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Darr v. City of Huber Heights

Court of Claims of Ohio

June 27, 2018


          Sent to S.C. Reporter 7/24/18



         {¶1} Requester Theresa Darr sent respondent City of Huber Heights four public records requests from August 8, 2016 to October 20, 2016, which were assigned Request numbers by the City as follows: #22016, #32016, #42016, and #52016. (Complaint at 3-18.) The City advised Darr and her counsel that all four requests were duplicates of previous requests to which responsive records had been provided, and that all but #22016 were overly broad and failed to identify with reasonable clarity the records at issue. The City attempted to provide responsive records or explanations to all the requests. (Id. at 19-24; Response, Liberman Aff., Exhs. 1-6.)

         {¶2} On January 22, 2018, Darr filed a complaint under R.C. 2743.75 alleging denial of access to public records by the City in violation of R.C. 149.43(B). On May 15, 2018, the court was notified that mediation had failed to resolve all disputed issues. On May 29, 2018, the City filed a combined response and motion to dismiss (Response). On May 31, 2018, the court issued an order requiring Darr to file a reply 1) listing the requests that had not been satisfied, 2) identifying for each request what records the City had already produced, and 3) identifying what specific, existing records the City had failed to produce. Darr filed a reply on June 25, 2018 that lists only Request #52016, and this report will therefore be confined to that request.[1]

         {¶3} Ohio's Public Records Act, R.C. 149.43, provides a remedy for production of records under R.C. 2743.75 if the court of claims determines that a public office has denied access to public records in violation of R.C. 149.43(B). The policy underlying the Act is that "open government serves the public interest and our democratic system." State ex rel. Dann v. Taft, 109 Ohio St.3d 364, 2006-Ohio-1825, 848 N.E.2d 472, ¶ 20. Therefore, the Act "is construed liberally in favor of broad access, and any doubt is resolved in favor of disclosure of public records." State ex rel. Cincinnati Enquirer v. Hamilton Cty., 75 Ohio St.3d 374, 376, 662 N.E.2d 334 (1996). Claims under R.C. 2743.75 are determined using the standard of clear and convincing evidence. Hurt v. Liberty Twp., 5th Dist. Delaware No. 17CAI050031, 2017-Ohio-7820, ¶ 27-30.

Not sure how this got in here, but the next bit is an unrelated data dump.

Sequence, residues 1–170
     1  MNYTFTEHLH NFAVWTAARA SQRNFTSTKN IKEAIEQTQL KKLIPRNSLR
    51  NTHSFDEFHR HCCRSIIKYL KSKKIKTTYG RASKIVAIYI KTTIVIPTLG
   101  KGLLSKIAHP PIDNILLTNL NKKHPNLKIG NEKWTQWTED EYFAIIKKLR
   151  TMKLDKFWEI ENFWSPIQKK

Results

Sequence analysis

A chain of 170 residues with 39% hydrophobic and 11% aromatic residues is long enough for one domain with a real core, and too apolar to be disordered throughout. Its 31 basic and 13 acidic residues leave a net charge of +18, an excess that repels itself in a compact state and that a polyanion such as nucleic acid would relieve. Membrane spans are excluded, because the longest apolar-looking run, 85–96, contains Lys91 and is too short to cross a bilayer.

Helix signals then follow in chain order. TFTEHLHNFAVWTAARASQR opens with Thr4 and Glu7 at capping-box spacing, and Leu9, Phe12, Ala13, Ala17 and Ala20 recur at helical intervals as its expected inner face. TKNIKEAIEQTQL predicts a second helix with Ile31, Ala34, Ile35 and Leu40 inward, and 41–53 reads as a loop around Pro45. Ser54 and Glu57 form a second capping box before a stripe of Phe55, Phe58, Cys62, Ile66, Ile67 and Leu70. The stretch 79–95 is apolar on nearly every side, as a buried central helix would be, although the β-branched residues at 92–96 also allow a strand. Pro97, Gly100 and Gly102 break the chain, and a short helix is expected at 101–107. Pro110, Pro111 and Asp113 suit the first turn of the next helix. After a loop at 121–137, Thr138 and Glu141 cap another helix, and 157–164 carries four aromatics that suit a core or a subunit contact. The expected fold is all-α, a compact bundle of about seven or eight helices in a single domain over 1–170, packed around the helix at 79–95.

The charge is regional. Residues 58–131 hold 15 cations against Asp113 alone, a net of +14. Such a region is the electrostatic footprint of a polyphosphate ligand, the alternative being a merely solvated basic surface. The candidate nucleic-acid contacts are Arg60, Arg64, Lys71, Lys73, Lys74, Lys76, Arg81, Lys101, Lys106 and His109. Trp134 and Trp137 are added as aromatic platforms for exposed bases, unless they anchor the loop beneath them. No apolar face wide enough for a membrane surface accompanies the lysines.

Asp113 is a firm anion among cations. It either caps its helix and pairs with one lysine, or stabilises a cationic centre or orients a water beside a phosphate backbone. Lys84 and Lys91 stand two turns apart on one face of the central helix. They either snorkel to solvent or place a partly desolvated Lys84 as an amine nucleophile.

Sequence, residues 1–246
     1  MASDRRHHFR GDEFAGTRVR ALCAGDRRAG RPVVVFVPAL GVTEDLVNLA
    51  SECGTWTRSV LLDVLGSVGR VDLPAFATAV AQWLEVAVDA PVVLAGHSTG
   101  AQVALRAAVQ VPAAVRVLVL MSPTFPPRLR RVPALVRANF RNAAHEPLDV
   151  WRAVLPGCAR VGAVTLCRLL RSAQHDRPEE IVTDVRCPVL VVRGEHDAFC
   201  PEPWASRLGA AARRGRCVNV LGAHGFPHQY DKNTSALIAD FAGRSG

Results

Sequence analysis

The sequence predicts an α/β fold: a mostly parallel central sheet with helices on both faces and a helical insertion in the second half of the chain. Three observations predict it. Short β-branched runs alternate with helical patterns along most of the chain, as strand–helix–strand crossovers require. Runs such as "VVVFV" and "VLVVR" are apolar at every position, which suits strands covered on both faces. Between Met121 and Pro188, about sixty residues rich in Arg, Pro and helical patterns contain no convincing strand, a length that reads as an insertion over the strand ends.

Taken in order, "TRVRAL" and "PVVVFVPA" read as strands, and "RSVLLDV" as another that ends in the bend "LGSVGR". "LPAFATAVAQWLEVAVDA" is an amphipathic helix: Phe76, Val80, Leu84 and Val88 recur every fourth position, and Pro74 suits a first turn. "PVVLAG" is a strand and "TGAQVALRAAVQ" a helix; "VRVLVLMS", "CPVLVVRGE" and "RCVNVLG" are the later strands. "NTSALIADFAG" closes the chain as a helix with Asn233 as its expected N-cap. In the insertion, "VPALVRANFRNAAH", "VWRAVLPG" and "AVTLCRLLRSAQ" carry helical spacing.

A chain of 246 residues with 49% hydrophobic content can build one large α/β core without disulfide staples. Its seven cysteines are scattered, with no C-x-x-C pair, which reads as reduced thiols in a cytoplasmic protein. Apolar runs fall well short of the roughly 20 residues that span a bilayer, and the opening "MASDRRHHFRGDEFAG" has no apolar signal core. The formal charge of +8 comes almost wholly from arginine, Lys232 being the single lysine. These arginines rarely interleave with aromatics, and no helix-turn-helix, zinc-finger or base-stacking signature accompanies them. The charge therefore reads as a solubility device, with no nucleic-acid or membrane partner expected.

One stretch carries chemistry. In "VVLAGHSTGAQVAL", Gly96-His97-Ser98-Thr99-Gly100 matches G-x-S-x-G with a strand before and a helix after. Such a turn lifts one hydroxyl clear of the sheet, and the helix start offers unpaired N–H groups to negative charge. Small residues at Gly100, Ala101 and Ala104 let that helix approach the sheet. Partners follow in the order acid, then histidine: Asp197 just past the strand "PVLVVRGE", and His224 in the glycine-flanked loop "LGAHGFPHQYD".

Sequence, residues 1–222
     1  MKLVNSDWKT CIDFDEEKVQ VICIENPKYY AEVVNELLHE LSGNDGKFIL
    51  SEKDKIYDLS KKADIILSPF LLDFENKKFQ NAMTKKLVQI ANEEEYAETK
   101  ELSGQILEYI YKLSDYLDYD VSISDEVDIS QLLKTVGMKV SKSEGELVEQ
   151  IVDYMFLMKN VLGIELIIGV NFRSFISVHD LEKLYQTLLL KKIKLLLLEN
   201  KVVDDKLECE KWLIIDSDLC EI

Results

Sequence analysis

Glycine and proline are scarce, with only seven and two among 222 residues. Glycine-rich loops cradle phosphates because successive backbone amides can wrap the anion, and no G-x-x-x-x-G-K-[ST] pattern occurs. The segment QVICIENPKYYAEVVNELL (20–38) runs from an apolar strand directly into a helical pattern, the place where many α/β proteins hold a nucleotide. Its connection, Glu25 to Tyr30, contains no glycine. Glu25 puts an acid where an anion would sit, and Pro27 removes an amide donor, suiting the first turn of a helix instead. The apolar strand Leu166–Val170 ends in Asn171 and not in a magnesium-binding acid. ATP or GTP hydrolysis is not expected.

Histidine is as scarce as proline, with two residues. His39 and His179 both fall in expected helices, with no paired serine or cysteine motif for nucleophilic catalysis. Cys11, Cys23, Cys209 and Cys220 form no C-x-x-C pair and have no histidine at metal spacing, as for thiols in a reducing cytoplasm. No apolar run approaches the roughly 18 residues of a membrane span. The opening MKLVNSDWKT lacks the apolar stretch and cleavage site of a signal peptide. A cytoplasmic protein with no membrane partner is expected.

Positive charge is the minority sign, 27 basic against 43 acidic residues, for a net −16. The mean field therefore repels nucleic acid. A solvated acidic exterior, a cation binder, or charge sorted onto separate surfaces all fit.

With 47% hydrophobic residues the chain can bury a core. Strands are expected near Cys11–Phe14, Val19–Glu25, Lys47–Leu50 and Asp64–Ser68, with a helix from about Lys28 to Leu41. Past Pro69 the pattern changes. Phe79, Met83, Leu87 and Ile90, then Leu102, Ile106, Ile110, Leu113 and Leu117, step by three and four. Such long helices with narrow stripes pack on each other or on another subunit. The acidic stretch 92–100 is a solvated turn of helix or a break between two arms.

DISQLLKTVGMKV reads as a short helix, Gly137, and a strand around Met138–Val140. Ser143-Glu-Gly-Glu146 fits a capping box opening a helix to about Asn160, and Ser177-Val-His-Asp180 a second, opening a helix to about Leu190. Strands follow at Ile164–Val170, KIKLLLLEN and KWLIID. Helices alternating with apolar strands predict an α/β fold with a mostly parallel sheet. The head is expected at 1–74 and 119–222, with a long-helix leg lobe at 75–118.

{¶4} The City moves to dismiss for failure to state a claim on the ground that all existing records responsive to Darr's request have been produced, rendering her claim moot.

         Motion to Dismiss

         {¶5} In construing a motion to dismiss pursuant to Civ.R. 12(B)(6), the court must presume that all factual allegations of the complaint are true and make all reasonable inferences in favor of the non-moving party. Mitchell v. Lawson Milk Co., 40 Ohio St.3d 190, 192, 532 N.E.2d 753 (1988). Then, before the court may dismiss the complaint, it must appear beyond doubt that plaintiff can prove no set of facts entitling him to recovery. O'Brien v. Univ. Community Tenants Union, Inc., 42 Ohio St.2d 242, 245, 327 N.E.2d 753 (1975). The unsupported conclusions of a complaint are, however, not admitted and are insufficient to withstand a motion to dismiss. Mitchell at 193.